Lightning doesn't always strike twice in Hollywood. RadarOnline.com has ranked the top 20 most embarrassingly awful movie remakes — from bad to worst!
20. Brash motor mouth Russell Brand couldn't revive the comedy classic Arthur, which fellow Brit Dudley Moore made a smash hit in 1981. The 2011 reboot – Brand's first film as a leading man – was a spectacular flop. The Hollywood Reporter called the comic "a character actor with one character" while critic David Edelstein called it a "career-killing performance."
19. One was a classic film that starred an ensemble cast of Sidney Poiter, Spencer Tracy and Katherine Hepburn; and the other was a lukewarm so-called "loose remake" starring Ashton Kutcher and Bernie Mac. In 2005, critics panned Guess Who?, which was a nod to 1967's Guess Who's Coming To Dinner? In its withering revue, USA Today said, "A succession of tired race jokes made worse by the bad comedic timing of the bland, under-talented Ashton Kutcher."
18. What's it all about Jude Law? Even the actor's charming good looks couldn't rescue the 2004 remake of 1966's Alfie. While the film – which focused on a lovable rogue – received mixed reviews it bombed at the box office grossing $35 million worldwide. A pitiful result for a movie that cost $60 million to make.
17. On paper, making a film version of the 1980s TV series The A-Team with Liam Neeson and hunk-du-jour Bradley Cooper, seemed like a good idea. But critics gave it an underwhelming reception and it didn't generate enough box office bucks and DVD sales to warrant a sequel. Even Neeson admitted in a 2012 interview, "I watched it about two months ago and I found it a little confusing and I was in the thing!"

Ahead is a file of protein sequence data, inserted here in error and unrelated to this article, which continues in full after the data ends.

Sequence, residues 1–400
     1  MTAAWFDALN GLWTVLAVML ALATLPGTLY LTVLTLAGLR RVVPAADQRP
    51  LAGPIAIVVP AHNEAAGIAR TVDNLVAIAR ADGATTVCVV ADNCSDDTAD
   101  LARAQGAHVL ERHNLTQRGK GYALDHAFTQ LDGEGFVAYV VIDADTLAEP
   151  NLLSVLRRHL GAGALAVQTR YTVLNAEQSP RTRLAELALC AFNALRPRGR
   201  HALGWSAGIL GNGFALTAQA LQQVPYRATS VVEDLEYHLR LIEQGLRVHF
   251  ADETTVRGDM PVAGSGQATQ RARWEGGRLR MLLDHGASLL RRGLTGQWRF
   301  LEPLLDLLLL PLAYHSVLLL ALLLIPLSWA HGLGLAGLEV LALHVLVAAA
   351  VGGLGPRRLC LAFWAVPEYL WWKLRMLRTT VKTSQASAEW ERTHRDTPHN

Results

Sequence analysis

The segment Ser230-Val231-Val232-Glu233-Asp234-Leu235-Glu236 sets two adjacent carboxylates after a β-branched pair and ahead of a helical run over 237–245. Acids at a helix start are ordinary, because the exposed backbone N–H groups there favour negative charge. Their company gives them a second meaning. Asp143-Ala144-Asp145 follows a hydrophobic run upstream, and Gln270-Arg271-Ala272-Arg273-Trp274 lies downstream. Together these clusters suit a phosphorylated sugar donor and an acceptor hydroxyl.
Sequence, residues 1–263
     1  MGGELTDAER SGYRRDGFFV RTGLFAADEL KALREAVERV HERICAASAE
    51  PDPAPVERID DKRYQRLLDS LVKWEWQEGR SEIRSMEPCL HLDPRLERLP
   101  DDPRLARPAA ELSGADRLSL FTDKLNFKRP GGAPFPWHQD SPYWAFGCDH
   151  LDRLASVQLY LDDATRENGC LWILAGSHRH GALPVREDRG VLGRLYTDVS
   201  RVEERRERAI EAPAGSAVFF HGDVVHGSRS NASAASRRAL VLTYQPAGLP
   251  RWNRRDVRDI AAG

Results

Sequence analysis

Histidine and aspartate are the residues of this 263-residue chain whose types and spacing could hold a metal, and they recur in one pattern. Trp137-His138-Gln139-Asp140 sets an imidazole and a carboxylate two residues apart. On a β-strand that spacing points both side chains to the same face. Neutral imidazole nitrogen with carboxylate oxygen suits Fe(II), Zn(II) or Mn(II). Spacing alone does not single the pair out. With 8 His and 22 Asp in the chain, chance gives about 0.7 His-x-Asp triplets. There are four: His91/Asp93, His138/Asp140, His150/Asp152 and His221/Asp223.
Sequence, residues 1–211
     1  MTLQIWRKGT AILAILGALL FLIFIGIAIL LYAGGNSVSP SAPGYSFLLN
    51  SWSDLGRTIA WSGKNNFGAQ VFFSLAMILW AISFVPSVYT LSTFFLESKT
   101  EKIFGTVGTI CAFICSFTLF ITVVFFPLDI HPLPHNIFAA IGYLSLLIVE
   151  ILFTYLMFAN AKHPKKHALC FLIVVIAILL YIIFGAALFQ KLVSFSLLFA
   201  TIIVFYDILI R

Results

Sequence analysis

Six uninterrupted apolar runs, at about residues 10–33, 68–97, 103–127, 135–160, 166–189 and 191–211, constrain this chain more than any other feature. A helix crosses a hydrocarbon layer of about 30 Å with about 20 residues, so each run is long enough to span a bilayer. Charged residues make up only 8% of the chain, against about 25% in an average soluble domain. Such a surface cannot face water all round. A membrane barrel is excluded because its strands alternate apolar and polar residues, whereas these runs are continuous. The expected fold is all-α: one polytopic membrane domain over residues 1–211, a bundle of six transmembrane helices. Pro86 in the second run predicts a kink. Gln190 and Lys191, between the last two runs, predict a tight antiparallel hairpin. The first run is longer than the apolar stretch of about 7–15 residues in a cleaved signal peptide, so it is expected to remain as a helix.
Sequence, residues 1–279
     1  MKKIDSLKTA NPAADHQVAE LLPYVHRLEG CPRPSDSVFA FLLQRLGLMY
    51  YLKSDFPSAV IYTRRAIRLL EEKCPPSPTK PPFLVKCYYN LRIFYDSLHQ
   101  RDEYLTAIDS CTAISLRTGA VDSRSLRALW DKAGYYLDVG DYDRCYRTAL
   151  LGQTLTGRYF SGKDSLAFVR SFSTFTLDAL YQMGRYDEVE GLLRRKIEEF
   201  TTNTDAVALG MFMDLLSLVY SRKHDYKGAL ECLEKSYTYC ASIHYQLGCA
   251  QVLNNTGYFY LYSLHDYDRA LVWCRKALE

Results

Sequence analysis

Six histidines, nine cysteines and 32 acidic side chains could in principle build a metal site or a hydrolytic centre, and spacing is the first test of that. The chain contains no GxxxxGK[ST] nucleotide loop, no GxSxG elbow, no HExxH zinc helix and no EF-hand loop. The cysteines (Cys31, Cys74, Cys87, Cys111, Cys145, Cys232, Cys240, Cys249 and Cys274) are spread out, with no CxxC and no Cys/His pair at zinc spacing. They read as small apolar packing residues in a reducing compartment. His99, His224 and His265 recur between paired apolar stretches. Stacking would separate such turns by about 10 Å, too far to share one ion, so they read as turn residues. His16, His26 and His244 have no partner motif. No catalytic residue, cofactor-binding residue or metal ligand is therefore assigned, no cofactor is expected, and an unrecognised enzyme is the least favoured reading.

16. Anyone who has seen the original version of The Women starring Joan Crawford and Norma Shearer knows why the film was a hit in 1939. The comedy about a woman whose husband has cheated on her and her gaggle of friends who support her, is movie gold. Not so much the 2008 remake starring Meg Ryan, Annette Bening, Eva Mendes, Debra Messing and Jada Pinkett Smith. Critics panned the reboot and the New York Times said, "Rarely have so many fine actresses been enlisted in such a futile cause."
15. How many people even remember that Fame was remade in 2009? A moderate success at the box office, critics savaged the attempt to breathe new life into the smash hit original about a high school of the arts. Among other things, celebrated reviewer Roger Ebert quipped, "Why cast actors who are sometimes too old and experienced to play seniors, let alone freshman?"
14. When the director says that he'd "rather jump out of a window" than make a sequel to one of his films, you know that it probably wasn't the success that everyone was anticipating. While 2001's Planet of the Apes grossed more than $362 million worldwide, Tim Burton's remake of the 1960s classic got lukewarm reviews. Rolling Stone said, "Call it a letdown, worsened by the forces of shoddy screenwriting."